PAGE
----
U.S. urges Saudis to review cases of 'prisoners of conscience'

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The flag of Saudi Arabia flies above the Saudi Arabia embassy near the Watergate Complex in Washington, U.S., February 26, 2021. REUTERS/Tom Brenner

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  • Calls on Riyadh to lift curbs on women's rights activists
  • Issue raised during U.N. Human Rights Council debate
  • Saudi delegation raps 'politicisation' of rights issues

GENEVA, March 8 (Reuters) - The United States urged ally Saudi Arabia on Tuesday to review cases of "prisoners of conscience" and lift travel bans and other restrictions imposed on women's rights activists previously released from jail.

The rare U.S. intervention on the matter came with U.S.-Saudi ties strained over a range of issues including the Yemen war, the killing of Saudi journalist Jamal Khashoggi in the Saudi consulate in Istanbul in 2018, and energy markets.

Iceland and Luxembourg also zeroed in on the Saudi human rights record during a debate held on Tuesday at the U.N. Human Rights Council in Geneva.

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U.S. Ambassador Michele Taylor called on Riyadh, a pivotal security partner of Washington against Iran in the Gulf region, to resolve cases of "prisoners of conscience" - a term referring to political detainees, though she did not name any.

Saudi authorities have detained senior royals, activists, intellectuals and clerics. Saudi officials deny there are any political prisoners in the kingdom.

"We urge Saudi Arabia to fully resolve cases of prisoners of conscience and to lift travel bans and other restrictions on previously released women's rights activists," Taylor told the Geneva forum in a speech on what was International Women's Day.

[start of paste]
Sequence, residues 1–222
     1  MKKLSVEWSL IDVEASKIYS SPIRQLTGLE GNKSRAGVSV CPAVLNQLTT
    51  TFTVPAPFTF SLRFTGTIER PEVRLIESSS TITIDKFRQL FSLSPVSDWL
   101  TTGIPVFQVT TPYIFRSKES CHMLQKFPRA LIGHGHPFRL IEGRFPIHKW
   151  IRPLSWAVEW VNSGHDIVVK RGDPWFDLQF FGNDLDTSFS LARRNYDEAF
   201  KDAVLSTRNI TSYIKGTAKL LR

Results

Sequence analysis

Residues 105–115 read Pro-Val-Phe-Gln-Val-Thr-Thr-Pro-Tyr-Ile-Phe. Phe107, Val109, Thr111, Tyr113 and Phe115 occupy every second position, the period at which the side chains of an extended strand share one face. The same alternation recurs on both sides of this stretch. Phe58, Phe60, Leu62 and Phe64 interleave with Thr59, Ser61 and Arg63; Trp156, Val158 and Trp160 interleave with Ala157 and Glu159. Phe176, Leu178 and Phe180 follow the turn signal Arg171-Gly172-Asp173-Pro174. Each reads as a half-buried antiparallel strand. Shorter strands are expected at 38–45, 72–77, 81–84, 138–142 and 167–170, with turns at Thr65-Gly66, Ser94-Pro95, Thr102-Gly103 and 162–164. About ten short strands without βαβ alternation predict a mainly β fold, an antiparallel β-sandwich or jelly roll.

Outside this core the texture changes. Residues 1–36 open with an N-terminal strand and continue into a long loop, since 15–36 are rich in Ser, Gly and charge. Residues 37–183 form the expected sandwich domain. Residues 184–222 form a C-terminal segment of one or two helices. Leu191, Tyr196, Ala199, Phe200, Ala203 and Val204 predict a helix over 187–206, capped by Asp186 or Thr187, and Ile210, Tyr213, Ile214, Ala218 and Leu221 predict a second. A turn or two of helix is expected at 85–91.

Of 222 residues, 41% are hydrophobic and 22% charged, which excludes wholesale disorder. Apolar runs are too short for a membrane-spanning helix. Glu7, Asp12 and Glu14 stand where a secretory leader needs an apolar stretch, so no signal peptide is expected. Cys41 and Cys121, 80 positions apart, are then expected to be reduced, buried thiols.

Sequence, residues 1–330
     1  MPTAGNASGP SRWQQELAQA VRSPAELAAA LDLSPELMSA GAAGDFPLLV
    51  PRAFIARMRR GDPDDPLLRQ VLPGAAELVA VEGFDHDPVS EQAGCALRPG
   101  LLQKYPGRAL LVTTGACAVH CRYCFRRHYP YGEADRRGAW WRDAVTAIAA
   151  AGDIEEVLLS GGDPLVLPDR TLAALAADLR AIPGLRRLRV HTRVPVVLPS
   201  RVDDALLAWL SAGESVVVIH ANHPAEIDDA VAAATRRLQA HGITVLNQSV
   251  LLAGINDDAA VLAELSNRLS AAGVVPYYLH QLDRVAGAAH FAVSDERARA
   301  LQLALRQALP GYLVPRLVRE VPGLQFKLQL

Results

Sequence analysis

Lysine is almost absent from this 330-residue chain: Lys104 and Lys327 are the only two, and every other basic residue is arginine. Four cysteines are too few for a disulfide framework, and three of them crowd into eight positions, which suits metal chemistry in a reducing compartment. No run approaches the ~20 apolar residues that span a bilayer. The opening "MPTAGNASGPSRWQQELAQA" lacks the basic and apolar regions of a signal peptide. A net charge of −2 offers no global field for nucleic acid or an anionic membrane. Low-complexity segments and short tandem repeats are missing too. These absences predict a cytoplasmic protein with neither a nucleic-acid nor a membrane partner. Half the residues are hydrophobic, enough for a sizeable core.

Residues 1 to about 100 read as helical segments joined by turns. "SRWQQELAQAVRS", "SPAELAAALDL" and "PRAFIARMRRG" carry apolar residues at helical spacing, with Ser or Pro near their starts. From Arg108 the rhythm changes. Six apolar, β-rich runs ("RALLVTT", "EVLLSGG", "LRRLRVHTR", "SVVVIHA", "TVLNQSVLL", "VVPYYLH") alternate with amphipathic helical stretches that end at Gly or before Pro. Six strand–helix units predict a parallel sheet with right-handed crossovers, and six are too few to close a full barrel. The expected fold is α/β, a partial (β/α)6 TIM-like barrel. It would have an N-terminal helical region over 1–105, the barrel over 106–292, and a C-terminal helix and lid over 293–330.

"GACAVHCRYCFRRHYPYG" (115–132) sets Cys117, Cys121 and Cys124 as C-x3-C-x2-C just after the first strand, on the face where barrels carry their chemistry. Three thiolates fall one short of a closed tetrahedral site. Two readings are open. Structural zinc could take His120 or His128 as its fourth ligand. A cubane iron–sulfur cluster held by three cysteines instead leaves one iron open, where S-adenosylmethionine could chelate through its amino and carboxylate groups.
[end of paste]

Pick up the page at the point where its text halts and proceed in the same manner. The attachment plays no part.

Luxembourg Ambassador Marc Bichler said that "repression" of freedom of expression, association and assembly for activists was intensifying in Saudi Arabia. The curtailment of civil and political rights was accompanied by reprisals and unlawful detentions of activists and journalists, he said.

Saudi Arabia's delegation said it regretted what it called "the politicisation" of human rights issues.

"No individuals have been arrested or imprisoned for exercising the right to freedom of speech or defending human rights. These are unfounded allegations," a Saudi diplomat, whose name was not immediately available, told the forum.

Regarding women's rights, he said: "This is the area of rights where we have seen the most sweeping reform at various levels including legislative, administrative and judicial..., taking steps to ensure the greater empowerment of women and their participation in key sectors of society."

Last June, Riyadh released two women's rights activists detained nearly three years earlier after they had served their time, London-based Saudi rights group ALQST said. read more

More than a dozen women's rights activists were detained on suspicion of harming Saudi interests, before and after the kingdom in 2018 lifted a ban on women driving as part of social reforms accompanied by a crackdown on dissent that has also netted clerics and intellectuals.

Loujain al-Hathloul, a prominent women's activist, was released in February 2021 after serving half of her custodial sentence on broad cybercrime and counterterrorism charges. She remains subject to a five-year travel ban.

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Reporting and writing by Stephanie Nebehay with additional reporting by Aziz Yaakoubi in Riyadh Editing by Mark Heinrich

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